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Muon magnetic moment

Recent (2021) analysis of experiments carried out at the US Fermilab accelerator have found that the 'magnetic moment' (magnetic field strength) of the Muon is not in exact agreement with calculations derived from the Standard Model

The experiments are a confirmation of previous results from US Brookhaven National Laboratory (BNL) in 2001, which also found anomalies.

The measurements only differ by a few millionths of a percent from the calculated values - but nevertheless can't currently be explained.

A Fermilab press release says the the results "strengthen evidence of new physics". Other media reports say there is "Strong evidence" for a new force of Nature (in addition to the Standard Model's currently known four forces)

The research paperitself, however, makes no mention of those claims - simply stating instead that the discoveries will motivate the development of further investigations.

(Note: Another paper, published within days of the Fermilab report, and which used computer-based simulations of current Quantum ChromoDynamics (QCD) lattice theory, suggested that previous theoretical calculations of the magnetic moment may have been inaccurate. See : Nature.com)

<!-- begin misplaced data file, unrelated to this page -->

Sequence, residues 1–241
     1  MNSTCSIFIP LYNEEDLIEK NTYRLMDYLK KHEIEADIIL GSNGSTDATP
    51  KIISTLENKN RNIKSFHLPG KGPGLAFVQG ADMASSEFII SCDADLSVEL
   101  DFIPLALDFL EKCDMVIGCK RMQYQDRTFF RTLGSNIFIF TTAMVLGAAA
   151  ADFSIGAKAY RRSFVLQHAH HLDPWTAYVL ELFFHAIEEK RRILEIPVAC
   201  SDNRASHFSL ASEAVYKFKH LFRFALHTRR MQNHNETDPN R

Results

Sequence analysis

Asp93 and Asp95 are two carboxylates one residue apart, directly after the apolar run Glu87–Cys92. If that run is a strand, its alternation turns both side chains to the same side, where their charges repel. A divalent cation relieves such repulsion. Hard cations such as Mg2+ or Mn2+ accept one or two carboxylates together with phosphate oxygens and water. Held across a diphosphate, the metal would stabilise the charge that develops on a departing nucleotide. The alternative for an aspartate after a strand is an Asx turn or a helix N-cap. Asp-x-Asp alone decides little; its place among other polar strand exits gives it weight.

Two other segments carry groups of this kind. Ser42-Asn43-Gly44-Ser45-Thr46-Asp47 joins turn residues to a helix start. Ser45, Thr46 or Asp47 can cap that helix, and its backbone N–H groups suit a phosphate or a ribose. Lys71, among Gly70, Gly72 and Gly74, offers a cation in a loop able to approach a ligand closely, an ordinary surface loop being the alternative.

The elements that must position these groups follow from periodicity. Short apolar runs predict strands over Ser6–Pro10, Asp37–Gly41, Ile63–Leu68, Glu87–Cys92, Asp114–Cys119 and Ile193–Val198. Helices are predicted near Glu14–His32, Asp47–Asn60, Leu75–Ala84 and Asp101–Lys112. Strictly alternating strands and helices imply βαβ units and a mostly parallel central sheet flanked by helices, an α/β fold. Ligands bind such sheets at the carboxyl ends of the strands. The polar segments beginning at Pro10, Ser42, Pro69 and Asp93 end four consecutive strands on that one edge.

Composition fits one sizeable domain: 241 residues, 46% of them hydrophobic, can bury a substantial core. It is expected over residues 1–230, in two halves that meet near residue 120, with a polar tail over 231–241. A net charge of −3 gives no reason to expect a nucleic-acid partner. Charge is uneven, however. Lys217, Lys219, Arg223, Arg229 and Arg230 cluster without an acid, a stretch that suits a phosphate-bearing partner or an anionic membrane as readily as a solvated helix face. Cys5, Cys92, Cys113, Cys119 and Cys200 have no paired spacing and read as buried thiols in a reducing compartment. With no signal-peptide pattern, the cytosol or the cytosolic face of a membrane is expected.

Update Aug 2023 :

A new set of experiments performed at the Fermi National Accelerator Laboratory, US, have confirmed previous measurements to an accuracy of around one part in five million.

However, another (independent) experiment at CMD-3, based in Novosibirsk, Russia, found results that did not agree exactly with the Fermi results, or with the theoretical QCD calculations.

To sum up. There are as-yet-unexplained differences between calculated results and experimental measurements. There could be errors in one or more of the approaches, but researchers don't currently agree where the errors are occurring. Other groups suggest that perhaps there may not be any errors in the experimental results, and that the theoretical computational models might be missing the full picture.

For a roundup of the current (2023) viewpoints, see Scientific American August 10, 2023


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